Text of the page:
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California and the West

Republicans May Block Power Bill

Electricity: GOP Assembly members vow to fight the plan to repay the state for its energy purchases unless Davis reveals more about the deals.

April 26, 2001|MIGUEL BUSTILLO and DAN MORAIN | TIMES STAFF WRITERS

SACRAMENTO — A day after California lost its high credit rating, the state's financial health became more precarious Wednesday when Republican lawmakers threatened to block legislation aimed at quickly repaying the state budget for billions spent buying power.

Frustrated by their inability to extract information from Gov. Gray Davis, Assembly Republicans said they will oppose the repayment plan unless Davis reveals more details about the costs of the state's emergency electricity purchases. Since January, the state has spent $5.2 billion in general taxpayer money to buy electricity, and the amount is rising by an average of $54 million a day.

Davis has not provided a breakdown of the spending. He has also refused to release contracts he has entered into with independent power producers, despite a lawsuit filed by GOP legislators.

Without information about the power purchases and other energy-related issues, Republicans said, they will block legislation that would repay the general fund by speeding up the issuance of a record $12.4 billion in bonds--even if it means that the state budget for 2001-02 must be slashed.

"Does that mean that some of the governor's programs that he proposed in his budget may not be financed? Maybe," said Assemblyman George Runner (R-Lancaster). "But that doesn't mean that state employees are not going to get paychecks. If we don't do this in the next week, it doesn't mean that state parks are going to get closed down."

Republicans want an independent study of the information, once Davis releases it. They said they don't want to make a hasty decision and want to make sure Davis has a strategy to get the state out of the power-buying business before they sign off on the bill.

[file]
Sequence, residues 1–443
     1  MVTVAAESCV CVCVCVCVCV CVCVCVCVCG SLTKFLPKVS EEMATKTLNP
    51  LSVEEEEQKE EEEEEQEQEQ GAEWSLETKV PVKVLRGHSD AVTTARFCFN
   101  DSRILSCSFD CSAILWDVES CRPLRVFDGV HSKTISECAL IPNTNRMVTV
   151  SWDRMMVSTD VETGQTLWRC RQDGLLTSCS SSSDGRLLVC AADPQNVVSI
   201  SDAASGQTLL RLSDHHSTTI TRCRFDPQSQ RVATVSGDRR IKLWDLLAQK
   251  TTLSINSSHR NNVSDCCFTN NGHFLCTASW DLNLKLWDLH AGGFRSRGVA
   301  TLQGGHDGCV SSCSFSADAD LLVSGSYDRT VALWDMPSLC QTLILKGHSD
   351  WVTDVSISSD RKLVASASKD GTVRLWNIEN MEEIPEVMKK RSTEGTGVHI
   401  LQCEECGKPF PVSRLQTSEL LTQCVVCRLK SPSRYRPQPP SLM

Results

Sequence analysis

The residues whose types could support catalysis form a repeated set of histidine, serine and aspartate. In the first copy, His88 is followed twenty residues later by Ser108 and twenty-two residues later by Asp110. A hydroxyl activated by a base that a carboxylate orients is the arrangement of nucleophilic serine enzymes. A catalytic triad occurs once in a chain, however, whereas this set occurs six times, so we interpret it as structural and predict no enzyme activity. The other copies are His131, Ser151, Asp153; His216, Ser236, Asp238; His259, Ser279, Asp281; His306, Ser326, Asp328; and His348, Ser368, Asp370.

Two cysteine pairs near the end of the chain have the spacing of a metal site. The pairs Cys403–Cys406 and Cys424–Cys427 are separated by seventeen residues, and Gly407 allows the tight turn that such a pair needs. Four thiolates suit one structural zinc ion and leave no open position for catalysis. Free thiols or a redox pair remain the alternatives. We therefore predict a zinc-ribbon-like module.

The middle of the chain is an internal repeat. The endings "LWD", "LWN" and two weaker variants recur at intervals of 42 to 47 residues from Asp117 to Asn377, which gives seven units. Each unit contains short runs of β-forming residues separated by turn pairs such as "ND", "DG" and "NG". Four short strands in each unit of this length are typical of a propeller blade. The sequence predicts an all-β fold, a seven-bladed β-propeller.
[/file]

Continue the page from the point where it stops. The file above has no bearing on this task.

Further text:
"It is very arrogant for the governor to ask us to vote for something without all the information," said Assemblyman Tony Strickland (R-Thousand Oaks). "If Gov. Davis wants the support of the Assembly Republicans, he needs to show us this information."

Democrats had been planning to put the legislation to a vote today. But the Republicans' threat makes that unlikely. The legislation requires a two-thirds vote in both houses of the Legislature, giving Republicans, who are in the minority, significant sway.

Davis and state Treasurer Phil Angelides say the bill is vital if California hopes to obtain short-term loans of $4.1 billion and sell as much as $12.4 billion in bonds. The loans and bond sales would finance the power purchases and repay the general fund.

Angelides pleaded with legislators to pass the emergency measure this week, even before the Wall Street rating firm Standard & Poor's downgraded the state's credit rating Tuesday amid growing concerns about the financial fallout from the energy crisis. Because of the lower rating, the state's cost of selling some types of bonds will increase.

Assemblywoman Carole Migden (D-San Francisco) held out hope for a compromise. But she warned that voters might not be pleased if the financing deal falls apart.

"Republicans better wise up and realize they too are vulnerable," Migden said. "All incumbents are going to have to account for their actions in the power crisis. Obstructing the governor's proposals might be very costly for incumbents if they have no alternative."

Under a plan approved by the Legislature and signed into law by Davis in January, the general fund is supposed to be reimbursed for power purchases through the bond sale, which would be the largest in American history. The bonds, in turn, would be paid off by consumers of electricity in their monthly bills during the next 12 or 15 years.

However, that bond sale has run into an array of problems.

Citing ambiguities in the January legislation, Southern California Edison and Pacific Gas & Electric are challenging an order by the state Public Utilities Commission that set aside money paid by ratepayers to reimburse the state for the power it is buying. That challenge threatens to indefinitely delay the issuance of the bonds, and thus, repayment of the general fund.

To outflank the utilities, Angelides called for emergency legislation making clear that the state will be reimbursed for its power purchases from money paid by ratepayers. Although the financing was initially expected to total $10 billion, Davis now says the state will need $12.4 billion.

Many Republican lawmakers fear that further rate increases will be needed to finance the state's power purchases and that the bonds will not be enough to defray the huge costs the state is incurring.

At the same time, Davis pressed hard Wednesday to corral support in the Legislature for his plan to rescue Edison. He agreed two weeks ago to buy Edison's share of the electricity transmission system for $2.76 billion.

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